Formed by Big Cypress Bayou, Caddo Lake – a natural lake – and its wetlands are made up of mixed bottomland hardwood forests and shallow bald cypress swamps covering more than 30,000 acres along the border of northeast Texas and northwest Louisiana. The area is one of only 27 wetlands in the United States recognized by the Ramsar Convention on Wetlands, an international treaty that recognizes exemplary wetland systems across the world. Caddo Lake wetlands are home to nearly 190 species of trees and shrubs, 93 different fish, 46 reptiles, 22 amphibians, 47 mammals and more than 20 mussel species. Over 220 species of birds, including dozens of neo-tropical migratory songbirds, also find refuge here. And the U.S. Fish and Wildlife Service has prioritized the area based on the high-quality habitat for migratory and resident waterfowl. Today, however, more than 40 of the native species at Caddo Lake and Big Cypress Bayou are endangered, threatened or rare.
Big Cypress Bayou and Caddo Lake are also renowned for their recreational value, which help fuel the local economy. Each year, the lake draws thousands of anglers and waterfowl hunters. Canoeists can paddle through stately, moss-draped cypress trees, and wildlife watchers can search for hundreds of different species.
The Nature Conservancy in Texas became involved in efforts to conserve Caddo Lake in 1990 when the organization received two land donations – 478 acres from local landowner Robert McCurdy and 589 acres from Judge John Paul Harkey – that were combined to create the Conservancy’s Fred and Loucille Dahmer Caddo Lake Preserve in 1997. The preserve was rededicated in 2001 to the memory of the late Fred and Loucille Dahmer, who lived at Taylor Island on Caddo Lake and spent much of their lives exploring and photographing the lake and working tirelessly to protect its fragile wetlands.
In 1993, the Conservancy and Texas Parks and Wildlife Department joined forces to purchase 7,000 acres to add to the 483-acre Caddo Lake State Park to create the Caddo Lake State Park and Wildlife Management Area. And, after years of work, the U.S. Fish and Wildlife Service opened in 2009 the Caddo Lake National Wildlife Refuge, initially comprising 7,500 acres.
When a dam was built upstream on Big Cypress Bayou to form the Lake O’ the Pines in 1959, plants and animals adapted over the millennia to the natural ebbs and flows of the bayou were, for the first time, at mercy of the dam. Some flood and drought levels are important for fish spawning, cypress tree regeneration, and the flushing of excess sediments and nutrients, which can negatively impact aquatic plants and animals. Without this seasonal variation of flows, wetland ecosystems become stressed. The management challenges at Big Cypress Bayou are exacerbated by a weir, or low-water, dam on Caddo Lake that prevents its draw down during periods of droughts.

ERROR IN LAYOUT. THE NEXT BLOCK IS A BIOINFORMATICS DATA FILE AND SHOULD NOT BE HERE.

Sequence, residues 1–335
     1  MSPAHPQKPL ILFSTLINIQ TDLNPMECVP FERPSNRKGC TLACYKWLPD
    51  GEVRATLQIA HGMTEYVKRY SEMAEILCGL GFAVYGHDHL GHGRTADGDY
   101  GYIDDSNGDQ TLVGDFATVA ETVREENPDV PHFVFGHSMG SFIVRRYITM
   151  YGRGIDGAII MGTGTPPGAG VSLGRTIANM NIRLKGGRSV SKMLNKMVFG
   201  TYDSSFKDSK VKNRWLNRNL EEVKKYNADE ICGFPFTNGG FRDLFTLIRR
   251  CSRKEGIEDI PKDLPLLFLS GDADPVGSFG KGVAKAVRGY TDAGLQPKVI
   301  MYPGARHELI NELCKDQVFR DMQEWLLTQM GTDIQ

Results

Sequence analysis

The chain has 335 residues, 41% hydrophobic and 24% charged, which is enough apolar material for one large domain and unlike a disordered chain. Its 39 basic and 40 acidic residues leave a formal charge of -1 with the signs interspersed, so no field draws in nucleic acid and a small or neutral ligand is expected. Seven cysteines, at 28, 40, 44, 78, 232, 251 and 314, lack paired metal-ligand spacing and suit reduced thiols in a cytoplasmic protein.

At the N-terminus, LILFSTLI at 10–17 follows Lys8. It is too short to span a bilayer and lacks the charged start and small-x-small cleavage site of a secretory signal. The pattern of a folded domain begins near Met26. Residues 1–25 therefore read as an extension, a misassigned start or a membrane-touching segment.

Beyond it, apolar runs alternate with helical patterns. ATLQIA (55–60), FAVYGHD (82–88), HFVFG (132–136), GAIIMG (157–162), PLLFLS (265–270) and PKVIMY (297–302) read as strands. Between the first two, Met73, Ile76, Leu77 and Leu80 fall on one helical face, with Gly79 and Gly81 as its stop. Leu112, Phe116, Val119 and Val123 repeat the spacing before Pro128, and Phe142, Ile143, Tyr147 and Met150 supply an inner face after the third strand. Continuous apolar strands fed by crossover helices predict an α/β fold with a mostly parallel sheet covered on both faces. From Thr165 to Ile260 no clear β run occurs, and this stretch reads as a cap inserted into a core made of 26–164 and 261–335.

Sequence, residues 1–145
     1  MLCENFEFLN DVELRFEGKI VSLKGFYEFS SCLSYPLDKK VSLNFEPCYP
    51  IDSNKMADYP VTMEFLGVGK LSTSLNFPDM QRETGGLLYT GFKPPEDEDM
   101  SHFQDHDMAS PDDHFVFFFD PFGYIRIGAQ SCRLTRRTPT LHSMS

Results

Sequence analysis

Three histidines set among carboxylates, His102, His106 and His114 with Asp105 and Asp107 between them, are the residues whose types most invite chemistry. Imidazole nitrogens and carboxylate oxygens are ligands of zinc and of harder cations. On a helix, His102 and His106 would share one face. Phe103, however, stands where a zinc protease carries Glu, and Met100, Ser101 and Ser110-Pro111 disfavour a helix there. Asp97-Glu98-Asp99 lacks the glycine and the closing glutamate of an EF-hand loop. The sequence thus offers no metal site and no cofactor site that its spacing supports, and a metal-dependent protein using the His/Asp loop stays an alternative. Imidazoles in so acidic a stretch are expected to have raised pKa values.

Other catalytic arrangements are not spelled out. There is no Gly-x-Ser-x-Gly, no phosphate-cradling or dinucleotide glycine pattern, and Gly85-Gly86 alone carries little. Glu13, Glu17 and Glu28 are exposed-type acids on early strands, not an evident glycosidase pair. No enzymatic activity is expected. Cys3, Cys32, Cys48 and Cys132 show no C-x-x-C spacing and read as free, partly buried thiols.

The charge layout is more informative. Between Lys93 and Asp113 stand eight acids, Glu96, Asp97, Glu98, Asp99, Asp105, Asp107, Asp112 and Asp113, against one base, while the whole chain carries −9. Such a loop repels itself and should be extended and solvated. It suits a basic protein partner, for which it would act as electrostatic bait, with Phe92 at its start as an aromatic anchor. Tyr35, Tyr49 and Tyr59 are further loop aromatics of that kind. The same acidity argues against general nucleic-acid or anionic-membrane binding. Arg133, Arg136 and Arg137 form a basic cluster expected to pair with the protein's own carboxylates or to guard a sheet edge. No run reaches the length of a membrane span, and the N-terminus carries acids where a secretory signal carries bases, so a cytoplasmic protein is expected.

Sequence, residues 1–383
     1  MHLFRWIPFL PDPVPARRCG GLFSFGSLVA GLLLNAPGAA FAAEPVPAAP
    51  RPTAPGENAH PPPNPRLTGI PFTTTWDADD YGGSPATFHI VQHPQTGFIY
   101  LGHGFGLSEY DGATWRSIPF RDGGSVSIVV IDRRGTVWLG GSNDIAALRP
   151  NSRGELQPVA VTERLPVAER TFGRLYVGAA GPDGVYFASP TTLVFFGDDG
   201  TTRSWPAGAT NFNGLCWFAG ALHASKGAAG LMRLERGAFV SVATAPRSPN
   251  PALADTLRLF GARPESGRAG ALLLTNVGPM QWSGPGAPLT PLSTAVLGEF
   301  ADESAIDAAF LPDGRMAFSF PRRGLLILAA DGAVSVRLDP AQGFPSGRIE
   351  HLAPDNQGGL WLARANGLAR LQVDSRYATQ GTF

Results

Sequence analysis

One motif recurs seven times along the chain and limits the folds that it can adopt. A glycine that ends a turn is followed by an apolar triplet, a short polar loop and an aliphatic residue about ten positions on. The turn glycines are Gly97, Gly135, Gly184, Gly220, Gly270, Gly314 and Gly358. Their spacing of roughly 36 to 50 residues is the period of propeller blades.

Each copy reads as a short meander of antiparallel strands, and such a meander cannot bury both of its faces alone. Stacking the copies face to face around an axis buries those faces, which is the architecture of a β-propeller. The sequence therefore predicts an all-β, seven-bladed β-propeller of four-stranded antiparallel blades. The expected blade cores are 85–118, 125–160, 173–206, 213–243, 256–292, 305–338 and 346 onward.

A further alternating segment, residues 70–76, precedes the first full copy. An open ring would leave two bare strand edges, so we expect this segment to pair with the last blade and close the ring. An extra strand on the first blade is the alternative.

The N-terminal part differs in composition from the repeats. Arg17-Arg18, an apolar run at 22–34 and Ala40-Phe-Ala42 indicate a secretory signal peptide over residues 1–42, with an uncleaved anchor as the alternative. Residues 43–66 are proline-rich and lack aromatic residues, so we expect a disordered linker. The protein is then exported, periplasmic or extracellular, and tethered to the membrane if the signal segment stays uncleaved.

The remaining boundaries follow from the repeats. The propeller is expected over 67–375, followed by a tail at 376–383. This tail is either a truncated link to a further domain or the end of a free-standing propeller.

One of the major threats to the health of Caddo Lake is the heavy invasion of the lake by exotic, noxious plants. Today, natural, seasonal flows can also help with the management of these invasive plants, like the recently arrived giant salvinia, a noxious, floating weed that can double in size every two to four days, choking out native plants below. Other troublesome invasive plants here include hydrilla and water hyacinth.
Ensuring "Environmental Flows"
The Cypress Basin Flows Project was initiated in 2004 by a partnership of The Nature Conservancy, the U.S. Army Corps of Engineers, Caddo Lake Institute, the Northeast Texas Municipal Water District and many other organizations. Spurring the environmental flow work at Caddo Lake was a partnership between the Conservancy and the Corps called the Sustainable Rivers Project, a pilot project launched in 2002 to protect river ecosystems downstream of multiple dams in 13 states. So far, the project is demonstrating that science-guided adjustments to dam operations can improve river health while maintaining – or even increasing – other services, such as hydropower generation, water supply, and flood risk management. The project at Caddo Lake began after the State of Texas made the decision that no new water rights would be granted for the protection of flows in rivers, lakes and bays. The State enacted a law (Senate Bill 3) to provide a process for setting aside water for in-stream flows in Texas.
After the Conservancy, working with the Corps and other partners, defined through an initial study the ecosystem flow needs of Big Cypress Bayou and the Caddo Lake wetlands, several of the recommended flows were implemented on an experimental basis from 2006 to 2011. At a December 2011 workshop, the partners agreed to implement much of the recommended flow regime on a continual basis for the next five years, drought and water development permitting. Partners are also developing and implementing a monitoring plan to evaluate response to these new flows. Research is also ongoing to help the Corps determine how healthy flows can be restored and the feasibility of modifying the weir dam at Caddo Lake while continuing to meet water supply and flood control obligations.